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They may only be pre-production samples on display, but, the quality of the ear cups is less than desirable and doesnt bode well for future users:
1578744647640.png



Any period of extended use - or even a couple of months into an average ownership life - these cups will start to deteriorate.
 
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They may only be pre-production samples on display, but, the quality of the ear cups is less than desirable and doesnt bode well for future users:
View attachment 141937


Any period of extended use - or even a couple of months into an average ownership life - these cups will start to deteriorate.
?

Maybe habit while eating and oil/fat on hands? It breaks down the coating on most headphones?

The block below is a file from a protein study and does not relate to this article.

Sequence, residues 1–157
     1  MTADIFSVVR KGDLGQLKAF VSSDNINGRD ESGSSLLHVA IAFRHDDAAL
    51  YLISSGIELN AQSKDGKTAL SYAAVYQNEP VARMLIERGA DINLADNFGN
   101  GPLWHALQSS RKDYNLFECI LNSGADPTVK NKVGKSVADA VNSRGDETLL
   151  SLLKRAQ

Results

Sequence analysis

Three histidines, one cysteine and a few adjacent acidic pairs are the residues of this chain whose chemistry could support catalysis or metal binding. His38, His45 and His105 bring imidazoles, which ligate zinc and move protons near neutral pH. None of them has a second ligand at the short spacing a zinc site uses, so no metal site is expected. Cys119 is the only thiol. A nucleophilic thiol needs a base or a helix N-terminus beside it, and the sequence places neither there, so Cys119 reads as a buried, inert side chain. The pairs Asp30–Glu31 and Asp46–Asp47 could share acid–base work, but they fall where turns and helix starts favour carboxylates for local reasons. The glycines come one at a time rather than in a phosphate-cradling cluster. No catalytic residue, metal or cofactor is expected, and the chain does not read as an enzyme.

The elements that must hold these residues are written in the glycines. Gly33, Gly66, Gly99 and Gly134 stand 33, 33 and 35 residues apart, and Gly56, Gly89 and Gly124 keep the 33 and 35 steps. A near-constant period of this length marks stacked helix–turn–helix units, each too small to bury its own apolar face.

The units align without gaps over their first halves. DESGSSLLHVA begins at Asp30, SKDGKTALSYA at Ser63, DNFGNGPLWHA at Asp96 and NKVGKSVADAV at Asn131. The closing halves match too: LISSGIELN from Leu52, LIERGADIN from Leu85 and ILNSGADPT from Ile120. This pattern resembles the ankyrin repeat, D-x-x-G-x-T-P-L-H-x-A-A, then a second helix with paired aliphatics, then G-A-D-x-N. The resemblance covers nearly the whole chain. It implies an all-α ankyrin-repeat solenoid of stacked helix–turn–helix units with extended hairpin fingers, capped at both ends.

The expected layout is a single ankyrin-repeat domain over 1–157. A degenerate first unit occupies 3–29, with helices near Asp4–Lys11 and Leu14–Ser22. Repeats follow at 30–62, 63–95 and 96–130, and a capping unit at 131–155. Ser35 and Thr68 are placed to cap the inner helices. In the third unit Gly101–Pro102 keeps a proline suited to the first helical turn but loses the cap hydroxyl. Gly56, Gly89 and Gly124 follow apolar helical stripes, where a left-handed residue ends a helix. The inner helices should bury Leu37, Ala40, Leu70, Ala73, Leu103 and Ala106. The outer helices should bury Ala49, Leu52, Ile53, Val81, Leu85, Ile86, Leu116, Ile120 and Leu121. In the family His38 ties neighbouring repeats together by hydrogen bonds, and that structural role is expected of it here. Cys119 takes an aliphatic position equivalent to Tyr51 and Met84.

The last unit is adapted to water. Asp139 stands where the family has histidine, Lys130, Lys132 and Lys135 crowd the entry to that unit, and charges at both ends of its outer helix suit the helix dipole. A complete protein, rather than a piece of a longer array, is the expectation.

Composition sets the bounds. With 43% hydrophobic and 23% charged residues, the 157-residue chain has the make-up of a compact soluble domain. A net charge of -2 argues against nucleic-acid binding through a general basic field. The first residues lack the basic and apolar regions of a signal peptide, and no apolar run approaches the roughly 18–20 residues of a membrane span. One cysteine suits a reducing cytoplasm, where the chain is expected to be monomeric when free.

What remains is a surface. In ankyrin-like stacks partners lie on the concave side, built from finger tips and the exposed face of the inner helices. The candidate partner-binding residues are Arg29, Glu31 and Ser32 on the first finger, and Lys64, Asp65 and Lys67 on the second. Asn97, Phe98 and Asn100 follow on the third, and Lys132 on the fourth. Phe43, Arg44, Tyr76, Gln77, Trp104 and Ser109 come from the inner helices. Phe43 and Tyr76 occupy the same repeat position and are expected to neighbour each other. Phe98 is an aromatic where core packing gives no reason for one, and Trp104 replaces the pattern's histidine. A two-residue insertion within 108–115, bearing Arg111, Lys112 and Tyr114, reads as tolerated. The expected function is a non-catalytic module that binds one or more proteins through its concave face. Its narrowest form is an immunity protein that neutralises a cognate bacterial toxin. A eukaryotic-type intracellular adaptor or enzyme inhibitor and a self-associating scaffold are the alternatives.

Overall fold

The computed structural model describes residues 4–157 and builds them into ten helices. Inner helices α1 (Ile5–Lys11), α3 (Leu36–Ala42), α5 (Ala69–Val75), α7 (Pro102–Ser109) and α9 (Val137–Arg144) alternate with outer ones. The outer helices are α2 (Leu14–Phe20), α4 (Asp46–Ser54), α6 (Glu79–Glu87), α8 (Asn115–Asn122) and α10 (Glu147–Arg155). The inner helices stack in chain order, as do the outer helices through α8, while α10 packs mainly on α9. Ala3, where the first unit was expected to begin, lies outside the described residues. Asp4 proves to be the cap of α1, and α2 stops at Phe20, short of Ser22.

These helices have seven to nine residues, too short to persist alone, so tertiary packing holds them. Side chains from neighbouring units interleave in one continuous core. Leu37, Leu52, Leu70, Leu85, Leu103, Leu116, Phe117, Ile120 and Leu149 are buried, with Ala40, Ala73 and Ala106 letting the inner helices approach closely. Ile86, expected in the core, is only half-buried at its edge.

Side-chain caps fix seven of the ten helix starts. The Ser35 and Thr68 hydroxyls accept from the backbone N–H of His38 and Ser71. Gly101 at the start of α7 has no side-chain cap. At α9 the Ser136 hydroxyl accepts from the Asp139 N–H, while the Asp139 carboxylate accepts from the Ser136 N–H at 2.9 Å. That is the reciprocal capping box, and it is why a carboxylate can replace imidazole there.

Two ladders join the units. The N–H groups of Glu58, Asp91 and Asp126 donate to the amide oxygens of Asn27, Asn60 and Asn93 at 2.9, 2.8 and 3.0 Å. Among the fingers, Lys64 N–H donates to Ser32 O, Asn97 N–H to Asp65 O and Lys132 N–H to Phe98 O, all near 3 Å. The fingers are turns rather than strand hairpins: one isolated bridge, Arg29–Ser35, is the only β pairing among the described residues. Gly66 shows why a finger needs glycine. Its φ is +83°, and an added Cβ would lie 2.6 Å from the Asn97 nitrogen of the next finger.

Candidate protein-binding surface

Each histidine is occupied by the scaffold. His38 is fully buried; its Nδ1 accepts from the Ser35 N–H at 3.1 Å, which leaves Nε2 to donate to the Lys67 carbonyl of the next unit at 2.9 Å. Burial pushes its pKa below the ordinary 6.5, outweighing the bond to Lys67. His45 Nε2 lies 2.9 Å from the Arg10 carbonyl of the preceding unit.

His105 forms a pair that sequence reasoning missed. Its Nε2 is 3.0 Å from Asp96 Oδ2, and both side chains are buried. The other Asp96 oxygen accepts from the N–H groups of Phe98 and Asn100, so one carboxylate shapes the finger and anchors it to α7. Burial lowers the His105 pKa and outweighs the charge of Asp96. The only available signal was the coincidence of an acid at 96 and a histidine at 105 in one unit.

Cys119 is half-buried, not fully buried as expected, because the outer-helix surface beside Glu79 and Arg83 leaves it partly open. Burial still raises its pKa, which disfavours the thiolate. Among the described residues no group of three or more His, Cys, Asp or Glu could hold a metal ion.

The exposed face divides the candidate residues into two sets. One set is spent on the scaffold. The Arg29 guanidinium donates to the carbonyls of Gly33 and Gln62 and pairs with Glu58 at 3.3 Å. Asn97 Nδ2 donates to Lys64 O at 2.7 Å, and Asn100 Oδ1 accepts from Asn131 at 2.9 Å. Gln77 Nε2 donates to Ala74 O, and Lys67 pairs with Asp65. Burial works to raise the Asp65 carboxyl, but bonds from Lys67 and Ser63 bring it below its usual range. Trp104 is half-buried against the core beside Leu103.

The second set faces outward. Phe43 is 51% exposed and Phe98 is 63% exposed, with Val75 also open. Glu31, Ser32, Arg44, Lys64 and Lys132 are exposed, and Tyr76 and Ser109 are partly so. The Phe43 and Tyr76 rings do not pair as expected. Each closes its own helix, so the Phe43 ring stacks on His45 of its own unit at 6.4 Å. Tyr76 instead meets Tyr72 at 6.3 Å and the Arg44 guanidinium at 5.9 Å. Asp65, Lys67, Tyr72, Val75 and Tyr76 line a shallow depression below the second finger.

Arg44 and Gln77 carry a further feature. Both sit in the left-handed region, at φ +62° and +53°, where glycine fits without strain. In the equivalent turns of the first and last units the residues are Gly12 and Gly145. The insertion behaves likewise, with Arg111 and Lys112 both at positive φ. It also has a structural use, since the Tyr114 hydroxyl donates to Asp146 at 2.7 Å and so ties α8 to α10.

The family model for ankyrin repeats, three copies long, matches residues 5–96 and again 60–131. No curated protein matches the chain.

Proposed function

VSG

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They may only be pre-production samples on display, but, the quality of the ear cups is less than desirable and doesnt bode well for future users:


Any period of extended use - or even a couple of months into an average ownership life - these cups will start to deteriorate.
Eh, I would not put too much into a single sample that has been going around for a while and being used by different people a lot the last week especially. It's the same type of ear cups as on the Bose QC35s, which have not been the subject of complaints about this from what I know.
 
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Eh, I would not put too much into a single sample that has been going around for a while and being used by different people a lot the last week especially. It's the same type of ear cups as on the Bose QC35s, which have not been the subject of complaints about this from what I know.